The second session of the first General
Assembly of the State of Illinois created Alexan-
der, Clark (from the north part of Crawford),
Jefferson (from Edwards and White) and
Wayne (from Edwards) counties. Clark county
extended on the north to the line of the Wiscon-
sin territory. During the rest of Bond's admin-
istration there were created Lawrence (from
Crawford and Edwards) , Greene (from Madison) ,
Sangamon (from Madison), Pike (from Madi-
son and Pike), Hamilton with present bounda-
ries (from western part of White) , giving White
its present limits, and Montgomery (from Bond
and Madison) counties.
NOTES AND EXPLANATIONS
Page 174 * See Date V and VI.
EDWARD COLES 1823-1827.
EDWARD COLES, the second governor of
Illinois, was a native of Virginia. It was
at Enniscorthy, in Albermarle County,
which had been the Coles estate for several
generations, that he was born December 15,
1786. He was the son of John Coles who had
been a colonel in the Revolutionary War. Ed-
ward was among the youngest of ten children.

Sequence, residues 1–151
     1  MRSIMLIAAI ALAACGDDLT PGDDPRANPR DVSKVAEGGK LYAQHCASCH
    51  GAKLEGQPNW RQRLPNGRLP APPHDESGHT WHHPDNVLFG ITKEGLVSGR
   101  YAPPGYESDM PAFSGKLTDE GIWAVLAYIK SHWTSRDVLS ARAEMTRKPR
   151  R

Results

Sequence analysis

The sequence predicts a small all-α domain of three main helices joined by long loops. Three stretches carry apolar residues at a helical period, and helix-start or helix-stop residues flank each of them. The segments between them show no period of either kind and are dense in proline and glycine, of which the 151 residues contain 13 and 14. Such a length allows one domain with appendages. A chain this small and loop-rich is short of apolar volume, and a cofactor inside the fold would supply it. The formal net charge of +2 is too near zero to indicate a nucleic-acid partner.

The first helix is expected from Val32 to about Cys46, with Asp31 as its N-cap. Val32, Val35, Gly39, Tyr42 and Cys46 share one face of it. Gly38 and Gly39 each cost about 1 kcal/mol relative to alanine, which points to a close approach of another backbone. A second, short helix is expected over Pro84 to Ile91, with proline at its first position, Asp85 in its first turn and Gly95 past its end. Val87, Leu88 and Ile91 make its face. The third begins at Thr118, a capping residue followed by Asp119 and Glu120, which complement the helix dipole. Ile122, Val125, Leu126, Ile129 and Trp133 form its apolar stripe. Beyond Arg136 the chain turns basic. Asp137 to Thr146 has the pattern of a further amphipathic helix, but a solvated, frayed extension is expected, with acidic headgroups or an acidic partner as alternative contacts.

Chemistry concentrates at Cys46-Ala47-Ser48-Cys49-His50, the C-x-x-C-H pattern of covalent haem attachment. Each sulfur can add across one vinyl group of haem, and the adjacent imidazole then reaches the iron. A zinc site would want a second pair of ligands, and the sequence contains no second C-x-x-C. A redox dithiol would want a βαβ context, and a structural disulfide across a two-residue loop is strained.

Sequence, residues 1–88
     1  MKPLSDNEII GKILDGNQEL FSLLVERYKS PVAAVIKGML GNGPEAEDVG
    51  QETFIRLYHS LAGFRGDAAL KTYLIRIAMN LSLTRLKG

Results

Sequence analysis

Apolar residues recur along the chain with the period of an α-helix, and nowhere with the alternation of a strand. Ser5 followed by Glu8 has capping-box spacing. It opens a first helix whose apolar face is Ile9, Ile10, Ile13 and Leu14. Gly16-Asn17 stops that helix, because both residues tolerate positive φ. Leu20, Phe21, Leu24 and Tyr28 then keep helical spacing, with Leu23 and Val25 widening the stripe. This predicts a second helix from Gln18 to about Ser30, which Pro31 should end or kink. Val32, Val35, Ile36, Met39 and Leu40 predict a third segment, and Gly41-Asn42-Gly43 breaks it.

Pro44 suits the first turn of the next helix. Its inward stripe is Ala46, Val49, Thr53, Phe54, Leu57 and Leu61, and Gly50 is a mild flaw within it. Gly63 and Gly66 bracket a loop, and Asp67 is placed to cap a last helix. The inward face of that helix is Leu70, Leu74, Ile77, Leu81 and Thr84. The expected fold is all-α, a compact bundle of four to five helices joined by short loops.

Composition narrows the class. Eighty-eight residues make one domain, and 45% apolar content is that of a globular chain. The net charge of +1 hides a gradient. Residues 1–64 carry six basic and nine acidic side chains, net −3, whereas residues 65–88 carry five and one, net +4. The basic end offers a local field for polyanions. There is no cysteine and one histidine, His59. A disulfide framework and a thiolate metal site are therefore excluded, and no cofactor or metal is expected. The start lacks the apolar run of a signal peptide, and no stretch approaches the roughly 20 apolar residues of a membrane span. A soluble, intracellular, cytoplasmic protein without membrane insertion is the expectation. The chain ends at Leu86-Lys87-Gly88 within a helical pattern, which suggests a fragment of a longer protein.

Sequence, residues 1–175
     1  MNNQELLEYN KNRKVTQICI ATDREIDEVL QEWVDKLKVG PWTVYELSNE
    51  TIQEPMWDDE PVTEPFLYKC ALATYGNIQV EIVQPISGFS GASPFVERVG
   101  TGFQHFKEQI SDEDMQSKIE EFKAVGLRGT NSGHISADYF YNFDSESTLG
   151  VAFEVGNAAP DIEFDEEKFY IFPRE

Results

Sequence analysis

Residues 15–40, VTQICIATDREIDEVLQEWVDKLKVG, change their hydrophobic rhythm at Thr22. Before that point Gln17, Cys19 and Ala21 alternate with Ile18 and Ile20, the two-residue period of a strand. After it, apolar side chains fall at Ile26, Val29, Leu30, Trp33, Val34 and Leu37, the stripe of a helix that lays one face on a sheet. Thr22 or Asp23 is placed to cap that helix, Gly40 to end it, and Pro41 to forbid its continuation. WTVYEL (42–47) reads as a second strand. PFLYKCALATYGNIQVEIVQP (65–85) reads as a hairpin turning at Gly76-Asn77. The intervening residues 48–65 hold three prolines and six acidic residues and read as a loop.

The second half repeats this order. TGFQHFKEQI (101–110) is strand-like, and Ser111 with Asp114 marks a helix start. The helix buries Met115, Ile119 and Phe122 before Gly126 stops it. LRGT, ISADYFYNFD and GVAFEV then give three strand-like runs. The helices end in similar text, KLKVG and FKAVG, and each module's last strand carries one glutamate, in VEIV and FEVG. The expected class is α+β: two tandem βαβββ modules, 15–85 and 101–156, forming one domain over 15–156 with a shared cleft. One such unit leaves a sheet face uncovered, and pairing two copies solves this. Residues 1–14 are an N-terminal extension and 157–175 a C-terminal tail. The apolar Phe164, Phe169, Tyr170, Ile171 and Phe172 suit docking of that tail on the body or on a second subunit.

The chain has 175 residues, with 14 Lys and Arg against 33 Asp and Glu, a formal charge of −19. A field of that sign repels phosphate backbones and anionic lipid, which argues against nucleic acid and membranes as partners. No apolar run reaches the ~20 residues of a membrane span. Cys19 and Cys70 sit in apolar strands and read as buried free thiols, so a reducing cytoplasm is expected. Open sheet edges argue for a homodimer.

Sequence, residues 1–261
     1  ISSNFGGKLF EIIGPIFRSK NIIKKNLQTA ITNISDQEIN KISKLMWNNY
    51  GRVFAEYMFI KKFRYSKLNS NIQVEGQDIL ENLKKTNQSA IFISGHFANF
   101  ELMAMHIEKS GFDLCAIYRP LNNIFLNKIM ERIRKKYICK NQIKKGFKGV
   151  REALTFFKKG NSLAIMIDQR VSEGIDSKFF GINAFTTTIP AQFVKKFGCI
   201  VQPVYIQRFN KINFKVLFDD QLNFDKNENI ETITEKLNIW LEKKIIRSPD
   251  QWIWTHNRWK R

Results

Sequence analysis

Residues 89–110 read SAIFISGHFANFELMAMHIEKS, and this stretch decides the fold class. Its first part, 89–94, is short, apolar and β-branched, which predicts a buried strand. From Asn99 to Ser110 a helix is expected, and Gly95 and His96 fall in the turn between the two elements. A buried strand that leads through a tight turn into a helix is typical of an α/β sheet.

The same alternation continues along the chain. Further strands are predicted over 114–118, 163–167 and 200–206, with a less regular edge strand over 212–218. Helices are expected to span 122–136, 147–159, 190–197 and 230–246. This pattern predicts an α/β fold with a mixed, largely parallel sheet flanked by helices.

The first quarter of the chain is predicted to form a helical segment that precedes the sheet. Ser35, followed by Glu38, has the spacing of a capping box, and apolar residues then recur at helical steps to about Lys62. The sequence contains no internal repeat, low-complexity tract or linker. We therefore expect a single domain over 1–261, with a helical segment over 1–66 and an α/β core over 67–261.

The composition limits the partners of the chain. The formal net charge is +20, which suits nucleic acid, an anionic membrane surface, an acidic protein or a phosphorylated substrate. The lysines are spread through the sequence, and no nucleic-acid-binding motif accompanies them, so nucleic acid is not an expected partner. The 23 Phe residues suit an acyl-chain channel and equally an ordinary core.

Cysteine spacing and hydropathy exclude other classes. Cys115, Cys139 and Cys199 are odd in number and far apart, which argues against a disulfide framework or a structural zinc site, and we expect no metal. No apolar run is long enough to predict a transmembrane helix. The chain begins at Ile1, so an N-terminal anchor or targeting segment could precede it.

Thomas Jefferson, who was a neighbor and inti-
mate friend of the family, was fond of the youth,
and showed him many favors, none of greater
value than his counsel and the influence of his
personality. It was from Jefferson that young
Coles imbibed ideas of the wrongs of slavery.
These ideas were in conflict with Coles' life, and
the views of almost everyone whom he knew.
Edward Coles was fitted for college by private
tutors, and sent to Hampden Sidney, where he
remained until in 1805, when he was sent to
William and Mary College. Here his ideas
crystalized to the opinion that a man had no
property right to his fellow man, and that the
principles of slavery were fundamentally wrong,
alike injurious to the master and to the slave.
178 GOVERNORS OF ILLINOIS
Pretty Dollie Madison was Edward Coles'
cousin. It was perhaps to please her that
President Madison appointed him his private
secretary. This position he was not loath to
accept, particularly since his duties included at
times, the escort of the gracious dame. Edward
Coles at this time was a handsome young man
of twenty-three, tall and graceful, with polished
education, good manners and an irreproachable
character. He was the proprietor of a fine
plantation, and the owner of twenty-five slaves
which was his share of his father's property that
he had inherited the previous year. He was
the kinsman of Patrick Henry, the friend of
Monroe and Madison, and the trusted protege
of Thomas Jefferson.
While yet secretary to President Madison,
Coles was sent to Russia on a mission requiring